Does this sound familiar? A new technology comes to market and naysayers, skeptics, and Luddites proclaim the end to all that's good, holy, and human. As media studies scholar Rachel Plotnick discovered, that's how people reacted in the late 19th century with the introduction of the electric push-button.
…[P]eople worried that the electric push button would make human skills atrophy. They wondered if such devices would seal off the wonders of technology into a black box: "effortless, opaque, and therefore unquestioned by consumers." Today, you'd probably have to schedule an electrician to fix what some children back then knew how to make: electric bells, buttons, and buzzers.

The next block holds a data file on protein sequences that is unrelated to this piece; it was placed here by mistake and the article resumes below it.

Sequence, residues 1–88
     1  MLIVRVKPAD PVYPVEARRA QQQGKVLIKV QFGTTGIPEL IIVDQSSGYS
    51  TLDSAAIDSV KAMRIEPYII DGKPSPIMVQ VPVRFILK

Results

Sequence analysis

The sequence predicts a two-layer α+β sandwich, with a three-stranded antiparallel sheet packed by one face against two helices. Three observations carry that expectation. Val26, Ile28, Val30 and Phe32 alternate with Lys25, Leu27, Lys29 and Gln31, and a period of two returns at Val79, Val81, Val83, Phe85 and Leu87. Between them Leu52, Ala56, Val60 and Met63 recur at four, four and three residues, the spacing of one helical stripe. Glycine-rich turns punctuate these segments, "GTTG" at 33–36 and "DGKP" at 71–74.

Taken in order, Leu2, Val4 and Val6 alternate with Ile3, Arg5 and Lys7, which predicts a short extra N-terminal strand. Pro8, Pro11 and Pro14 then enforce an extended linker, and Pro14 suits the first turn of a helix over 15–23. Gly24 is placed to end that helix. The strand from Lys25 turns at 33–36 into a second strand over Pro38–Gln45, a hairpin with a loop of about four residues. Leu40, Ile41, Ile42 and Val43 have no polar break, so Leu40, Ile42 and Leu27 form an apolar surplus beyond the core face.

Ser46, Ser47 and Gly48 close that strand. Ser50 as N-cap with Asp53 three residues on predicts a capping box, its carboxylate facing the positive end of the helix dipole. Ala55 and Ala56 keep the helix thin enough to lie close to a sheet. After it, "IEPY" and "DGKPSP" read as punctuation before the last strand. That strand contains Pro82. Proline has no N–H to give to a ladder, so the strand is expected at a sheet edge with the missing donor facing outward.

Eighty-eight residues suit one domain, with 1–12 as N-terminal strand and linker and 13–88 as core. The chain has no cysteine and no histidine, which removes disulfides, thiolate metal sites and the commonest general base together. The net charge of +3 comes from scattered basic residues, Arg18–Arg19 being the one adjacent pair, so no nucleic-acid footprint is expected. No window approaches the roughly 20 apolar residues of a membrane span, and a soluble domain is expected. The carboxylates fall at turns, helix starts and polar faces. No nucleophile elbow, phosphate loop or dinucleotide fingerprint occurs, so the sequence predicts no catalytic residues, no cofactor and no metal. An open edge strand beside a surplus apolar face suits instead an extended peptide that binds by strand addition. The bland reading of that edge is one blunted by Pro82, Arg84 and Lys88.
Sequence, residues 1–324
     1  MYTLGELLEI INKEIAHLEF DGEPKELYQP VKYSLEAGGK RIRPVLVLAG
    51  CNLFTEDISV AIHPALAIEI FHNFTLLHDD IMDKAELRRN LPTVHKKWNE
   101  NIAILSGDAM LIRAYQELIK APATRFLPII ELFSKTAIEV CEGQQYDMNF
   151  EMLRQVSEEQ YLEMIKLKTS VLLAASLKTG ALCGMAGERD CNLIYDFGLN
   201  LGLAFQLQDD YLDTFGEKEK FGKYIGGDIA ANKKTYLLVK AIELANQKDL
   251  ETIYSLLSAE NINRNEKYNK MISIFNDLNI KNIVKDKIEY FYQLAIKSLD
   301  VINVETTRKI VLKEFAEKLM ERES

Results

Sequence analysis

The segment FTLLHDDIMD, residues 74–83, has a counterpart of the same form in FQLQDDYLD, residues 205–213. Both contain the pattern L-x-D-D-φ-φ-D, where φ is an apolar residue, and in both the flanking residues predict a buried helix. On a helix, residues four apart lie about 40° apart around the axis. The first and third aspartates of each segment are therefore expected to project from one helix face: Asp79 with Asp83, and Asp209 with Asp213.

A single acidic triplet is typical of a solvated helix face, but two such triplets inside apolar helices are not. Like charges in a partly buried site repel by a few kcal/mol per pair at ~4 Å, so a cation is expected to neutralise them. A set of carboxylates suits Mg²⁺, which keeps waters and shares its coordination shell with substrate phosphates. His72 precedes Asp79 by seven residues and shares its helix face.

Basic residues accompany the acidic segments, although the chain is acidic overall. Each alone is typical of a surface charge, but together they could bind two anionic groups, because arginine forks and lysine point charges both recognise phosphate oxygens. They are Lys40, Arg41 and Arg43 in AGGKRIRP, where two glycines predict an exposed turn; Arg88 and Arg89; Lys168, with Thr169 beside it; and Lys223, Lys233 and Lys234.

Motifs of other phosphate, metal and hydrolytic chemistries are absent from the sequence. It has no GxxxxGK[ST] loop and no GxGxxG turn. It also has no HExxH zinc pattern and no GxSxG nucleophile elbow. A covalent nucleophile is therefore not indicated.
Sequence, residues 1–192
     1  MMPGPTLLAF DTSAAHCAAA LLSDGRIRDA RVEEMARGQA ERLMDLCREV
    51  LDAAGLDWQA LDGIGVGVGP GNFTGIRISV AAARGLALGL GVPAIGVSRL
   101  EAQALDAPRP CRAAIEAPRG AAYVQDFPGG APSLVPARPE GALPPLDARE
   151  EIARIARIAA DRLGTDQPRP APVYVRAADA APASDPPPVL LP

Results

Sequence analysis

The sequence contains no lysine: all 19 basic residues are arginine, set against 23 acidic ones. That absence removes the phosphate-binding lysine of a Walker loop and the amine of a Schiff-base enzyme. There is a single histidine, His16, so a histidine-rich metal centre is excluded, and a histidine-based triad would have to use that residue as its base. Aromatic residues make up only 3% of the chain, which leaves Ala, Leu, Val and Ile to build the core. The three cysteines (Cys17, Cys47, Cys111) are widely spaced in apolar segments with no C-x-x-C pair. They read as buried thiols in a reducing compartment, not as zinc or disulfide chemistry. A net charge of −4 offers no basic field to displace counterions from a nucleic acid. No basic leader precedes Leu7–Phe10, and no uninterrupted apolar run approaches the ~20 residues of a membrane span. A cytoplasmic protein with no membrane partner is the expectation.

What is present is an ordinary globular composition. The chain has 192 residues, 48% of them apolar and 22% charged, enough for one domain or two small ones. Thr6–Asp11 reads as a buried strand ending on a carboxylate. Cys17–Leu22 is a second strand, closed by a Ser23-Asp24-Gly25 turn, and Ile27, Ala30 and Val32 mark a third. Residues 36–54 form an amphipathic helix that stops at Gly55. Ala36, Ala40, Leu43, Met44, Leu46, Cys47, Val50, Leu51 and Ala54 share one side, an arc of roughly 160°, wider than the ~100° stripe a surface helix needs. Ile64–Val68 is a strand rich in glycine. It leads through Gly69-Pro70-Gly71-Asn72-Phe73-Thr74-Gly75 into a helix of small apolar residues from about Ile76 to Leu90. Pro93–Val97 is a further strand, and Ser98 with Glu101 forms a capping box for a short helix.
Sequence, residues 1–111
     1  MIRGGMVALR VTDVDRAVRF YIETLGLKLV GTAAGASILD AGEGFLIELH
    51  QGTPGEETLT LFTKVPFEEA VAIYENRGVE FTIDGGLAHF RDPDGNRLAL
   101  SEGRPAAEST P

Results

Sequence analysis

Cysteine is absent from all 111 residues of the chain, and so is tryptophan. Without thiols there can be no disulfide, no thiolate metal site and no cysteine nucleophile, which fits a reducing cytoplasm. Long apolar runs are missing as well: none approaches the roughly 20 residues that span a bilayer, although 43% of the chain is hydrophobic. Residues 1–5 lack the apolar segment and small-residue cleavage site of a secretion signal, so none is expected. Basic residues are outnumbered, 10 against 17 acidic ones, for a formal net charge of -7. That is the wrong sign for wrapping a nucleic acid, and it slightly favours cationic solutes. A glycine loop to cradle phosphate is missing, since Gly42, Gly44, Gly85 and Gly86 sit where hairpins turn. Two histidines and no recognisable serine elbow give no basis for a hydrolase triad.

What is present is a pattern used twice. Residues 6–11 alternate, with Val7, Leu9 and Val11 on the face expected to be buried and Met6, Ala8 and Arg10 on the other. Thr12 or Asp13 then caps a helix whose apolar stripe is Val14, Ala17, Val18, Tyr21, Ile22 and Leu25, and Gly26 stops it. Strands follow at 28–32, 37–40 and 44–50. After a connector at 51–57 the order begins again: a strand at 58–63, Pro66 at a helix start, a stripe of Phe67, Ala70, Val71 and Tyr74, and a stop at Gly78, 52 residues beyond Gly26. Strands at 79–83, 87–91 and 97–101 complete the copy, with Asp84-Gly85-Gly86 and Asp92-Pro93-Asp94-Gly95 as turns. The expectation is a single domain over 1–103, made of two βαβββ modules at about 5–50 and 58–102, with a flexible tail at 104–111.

"Some believed that users should creatively interrogate these objects and learn how they worked as part of a broader electrical education," Plotnick explains. "Others…suggested that pushing buttons could help users to avoid complicated and laborious technological experiences. These approaches reflected different groups' attempts at managing fears of electricity."
Read the rest on JSTOR.